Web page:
Jill Malleck of Epiphany at Work contributed Widen Your Perspective-Take Puppy Breaks. Jill shares, “Taking a short break away from work every hour or so will increase your mood and your productivity.” Find Jill on Twitter at @epiphanyatwork.
Jim Taggart of Changing Winds provided Gandhi and Mandela Would be Proud: What’s Next after the Women’s March?. Jim shares, “In this post, I use Nelson Mandela and Mahatma Gandhi as prime examples of how to motivate and focus people towards a common vision using peaceful means. The context is the January 21st Women’s March which spanned some 500 U.S. cities and dozens of countries. The participation wasn’t just the amazing thing but that the marches were done peacefully. Vision and how people collectively contribute to it is critical to this movement’s future.” Find Jim on Twitter at @72keys.
Joel Garfinkle of the Career Advancement Blog submitted Strategies to Increase Your Influence at Work. Joel recaps: “Increasing others’ perception of you and your visibility at work are vital to your career success. The next step is to increase your influence at work. Follow these 3 strategies and watch your influence increase.” Discover Joel on Twitter at @JoelGarfinkle.
John Hunter of the Curious Cat Management Improvement Blog shared Why Do People Fail to Adopt Better Methods?. John summarizes, “Sometimes better methods will be adopted but often they won’t. People can be very attached to the way things have always been done. Or they can just be uncomfortable with the prospect of trying something new.” Find John on Twitter at @curiouscat_com.
Jon Mertz of Thin Difference contributed 7 Essential Guiding Principles. Jon asks, “Who is an Upstander? A person who chooses to take positive action in the face of injustice in society or in situations where individuals need assistance. Being an Upstander is a leadership model we must embrace and these 7 principles can help.” Follow Jon on Twitter at @thindifference.
Jon VerBeck of JonVerbeck.com submitted Business Owner Mistakes: Not Understanding Their Revenue Model and Current Sales Plan. As part of his series on mistakes business owners make, Jon shares about the importance of understanding your revenue model and sales plan. Discover Jon on Twitter at @jonverbeck1.
Julie Winkle-Giulioni of Julie Winkle-Giulioni provided Lessons in Stumbling and Set-Backs… from the Big Top. Julie recaps, “Since work frequently feels like a three-ring circus anyway, there are lessons to be learned from acrobats who know how to stumble and yet resiliently go on with the show.” Find Julie on Twitter at @julie_wg.
Karin Hurt of Let’s Grow Leaders contributed How Do I Get My Team to Trust Me?. In the post, Karin shares a personal story of trust with her team, and how it wasn’t so good at first. Follow Karin on Twitter at @letsgrowleaders.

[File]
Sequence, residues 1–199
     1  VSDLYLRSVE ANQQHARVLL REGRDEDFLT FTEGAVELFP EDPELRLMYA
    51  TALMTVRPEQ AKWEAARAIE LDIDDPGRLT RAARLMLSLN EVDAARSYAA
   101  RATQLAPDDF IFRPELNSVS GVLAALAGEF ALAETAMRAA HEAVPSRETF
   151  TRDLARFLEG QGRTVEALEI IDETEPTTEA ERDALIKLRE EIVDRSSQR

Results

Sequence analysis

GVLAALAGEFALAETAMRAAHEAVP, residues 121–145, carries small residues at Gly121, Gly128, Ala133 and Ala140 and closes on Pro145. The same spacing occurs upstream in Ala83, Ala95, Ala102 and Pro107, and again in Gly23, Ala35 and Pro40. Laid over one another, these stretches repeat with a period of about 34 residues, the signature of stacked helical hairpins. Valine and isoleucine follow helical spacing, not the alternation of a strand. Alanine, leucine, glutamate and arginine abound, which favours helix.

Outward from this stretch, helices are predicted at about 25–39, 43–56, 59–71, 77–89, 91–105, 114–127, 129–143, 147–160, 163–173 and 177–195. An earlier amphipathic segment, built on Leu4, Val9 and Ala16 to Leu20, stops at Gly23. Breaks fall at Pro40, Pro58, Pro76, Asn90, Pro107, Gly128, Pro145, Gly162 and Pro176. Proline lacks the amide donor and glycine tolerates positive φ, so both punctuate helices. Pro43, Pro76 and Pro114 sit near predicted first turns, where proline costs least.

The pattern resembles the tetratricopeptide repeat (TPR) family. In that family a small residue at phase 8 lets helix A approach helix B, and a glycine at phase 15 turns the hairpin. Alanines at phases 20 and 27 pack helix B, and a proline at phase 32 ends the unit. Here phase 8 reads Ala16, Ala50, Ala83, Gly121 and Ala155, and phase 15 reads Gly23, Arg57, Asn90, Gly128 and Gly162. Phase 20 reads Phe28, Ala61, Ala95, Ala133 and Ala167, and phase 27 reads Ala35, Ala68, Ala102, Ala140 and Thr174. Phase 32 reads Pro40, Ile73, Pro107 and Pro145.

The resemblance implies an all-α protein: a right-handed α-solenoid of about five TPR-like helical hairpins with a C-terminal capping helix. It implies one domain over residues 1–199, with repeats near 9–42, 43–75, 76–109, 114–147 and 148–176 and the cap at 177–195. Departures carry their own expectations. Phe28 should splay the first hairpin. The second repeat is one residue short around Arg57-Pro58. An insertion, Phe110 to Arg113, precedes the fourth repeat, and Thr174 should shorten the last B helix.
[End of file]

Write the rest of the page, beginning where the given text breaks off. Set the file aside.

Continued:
Linda Fisher Thornton of Leading in Context shared Leader Competence: Will it Be a Multiplier or a Divider? Linda recaps: “Leader competence is either going to be a multiplier or a divider. When you have it, you multiply performance and trust, with exponential results.” Find Linda on Twitter at @leadingincontxt.
Lisa Kohn of Chatsworth Consulting submitted Why Self-respect is a Key Leadership Skill. Lisa summarizes, “While we need to be open to feedback, we also need a confident foundation in our strengths and contributions so that we can learn from the feedback, rather than be pierced by it.” Discover Lisa on Twitter at @thoughtfulldrs.
Marcella Bremer of Leadership and Change Magazine provided What If We Embodied Positive Change?. Marcella recaps, “What did you do today that’s worth repeating? We must first change ourselves to create positive change in a situation. We tend to copy what we have seen, and that’s why cultures stay the same. Every act of positive leadership and kindness counts… What have you done today that you’d like others to do, too?” Find Marcella on Twitter at @marcellabremer.
Mary Ila Ward of Horizon Point Consulting contributed The Conundrum of Incentive Pay. She recaps, “Incentive compensation is tough. It’s why many companies avoid it all together. Leaders often find themselves coming up with incentive plans they hope will work, only to come out with frustrating results and the intent didn’t drive the desired outcome. In this post, Mary Ila shares some things that stand in order to do incentive pay well.” Discover Mary Ila on Twitter at @maryilaward.
Mary Jo Asmus of Aspire Collaborative Services shared The Benefits of Having a Team of Equals. Mary Jo summarizes, “When you treat the members of your team as equally smart and capable as you are, you’ll realize what it’s like to make better decisions, have great trusting relationships and some bottom line results.” Follow Mary Jo on Twitter at @mjasmus.